by Lorie Lewis Ham
Currently on stage at COS in Visalia is a show called The Henriad. This is a unique show, adapted from Shakespeare’s Richard II, Henry IV (Parts 1 & 2), and Henry V. The show is presented by their student run production company, the Experimental Theatre Ensemble. The show was adapted and is directed by Chris Mangels.
If you are expecting traditional Shakespeare, you will be in for a surprise. The costumes and make-up are more steam punk/Goth in origin with some cool leather jackets, trench coats, and boots on most of the cast. You feel like you’ve been transported to some alternate reality. The show is set in a post-apocalyptic world. The Henriad explores the human condition as only Shakespeare can, with intense drama, hilarious comedy, and incredible action. With on stage seating, you also almost feel like you are a part of the production with cast members walking around you and at times even under you (you will have to go see for yourself to find out what I mean by that). The set is a castle with graffiti–a perfect blend of time periods.
Woven throughout the Henriad are bits of haunting a cappella renditions of rock songs, adding to the atmosphere of the show. They are sung by the show’s narrator, and at times by the cast as well. It is narrated by Sarah Howell, who does an amazing job of setting the scene and helping the audience follow the stories as they are still in Shakespearean language.I’m not going to share much of the story itself–if you know Shakespeare, you already have a good idea what it’s about. Despite the more modern setting, the stories are pretty typical stories of monarchy in the past–kings, princes, death, and fighting over power and land. If you love action, you get your fair share here with sword fights, spears, bows and more. Chris Mangels is brilliant with his fight choreography and the cast execute it perfectly, keeping you on the edge of your seat. You find yourself right in the heart of battle–another benefit of on stage seating. Another different twist is that most of the characters are played by young women, but then Shakespeare productions are famous for people playing opposite genders. Everyone did a beautiful job of bringing this show together. Diane Fidalgo as King Henry IV was amazing and powerful, and Schyler Mayo was equally wonderful as Harry, Prince of Wales. Another stand-out was Benjamin Rawls in the duel roles of Harry Percy, the Hotspur of the North, and later a Frenchman.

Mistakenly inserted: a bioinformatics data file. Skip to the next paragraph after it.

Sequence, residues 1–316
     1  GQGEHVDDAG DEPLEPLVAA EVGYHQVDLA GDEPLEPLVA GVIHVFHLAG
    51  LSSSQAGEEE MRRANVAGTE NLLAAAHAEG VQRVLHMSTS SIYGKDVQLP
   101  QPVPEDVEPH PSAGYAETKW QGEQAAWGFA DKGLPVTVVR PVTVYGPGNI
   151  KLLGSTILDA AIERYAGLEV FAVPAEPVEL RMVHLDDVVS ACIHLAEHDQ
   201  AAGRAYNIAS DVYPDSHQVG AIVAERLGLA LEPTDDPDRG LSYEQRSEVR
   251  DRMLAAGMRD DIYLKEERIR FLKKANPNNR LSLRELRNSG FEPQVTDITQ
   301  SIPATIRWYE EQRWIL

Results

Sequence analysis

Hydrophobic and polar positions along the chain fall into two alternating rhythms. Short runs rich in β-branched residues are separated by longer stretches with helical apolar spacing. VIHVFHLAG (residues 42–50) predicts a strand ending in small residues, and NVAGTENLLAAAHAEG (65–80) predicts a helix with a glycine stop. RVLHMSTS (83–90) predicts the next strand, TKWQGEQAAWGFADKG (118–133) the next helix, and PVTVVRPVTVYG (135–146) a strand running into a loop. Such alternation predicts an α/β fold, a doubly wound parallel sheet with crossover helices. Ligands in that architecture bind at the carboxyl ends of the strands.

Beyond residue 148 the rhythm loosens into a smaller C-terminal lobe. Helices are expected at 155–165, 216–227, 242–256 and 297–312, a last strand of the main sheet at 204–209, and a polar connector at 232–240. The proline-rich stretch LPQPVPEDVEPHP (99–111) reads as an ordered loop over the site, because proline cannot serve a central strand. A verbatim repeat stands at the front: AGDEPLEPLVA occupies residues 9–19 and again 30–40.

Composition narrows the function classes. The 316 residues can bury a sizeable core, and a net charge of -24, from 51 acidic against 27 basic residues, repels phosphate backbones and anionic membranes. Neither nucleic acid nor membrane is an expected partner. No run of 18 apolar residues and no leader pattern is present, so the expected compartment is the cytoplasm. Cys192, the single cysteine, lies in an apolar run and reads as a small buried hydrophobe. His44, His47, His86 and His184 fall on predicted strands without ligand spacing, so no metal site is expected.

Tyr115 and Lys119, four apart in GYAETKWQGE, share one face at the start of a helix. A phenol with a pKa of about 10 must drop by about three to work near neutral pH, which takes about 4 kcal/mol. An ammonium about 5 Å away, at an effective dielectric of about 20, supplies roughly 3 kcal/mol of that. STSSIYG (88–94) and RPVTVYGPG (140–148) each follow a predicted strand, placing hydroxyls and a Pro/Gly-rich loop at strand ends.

If you are looking to enjoy something different this weekend–whether you are a fan of Shakespeare or not–you will not go wrong by heading out to see The Henriad. But hurry and get your tickets because with the onstage seating seats are very limited. The Henriad’s remaining performances are April 30, May 1, and May 2. Tickets can be purchased on their website or at the box office.
Check out more local arts and entertainment articles in KRL’s A & E section.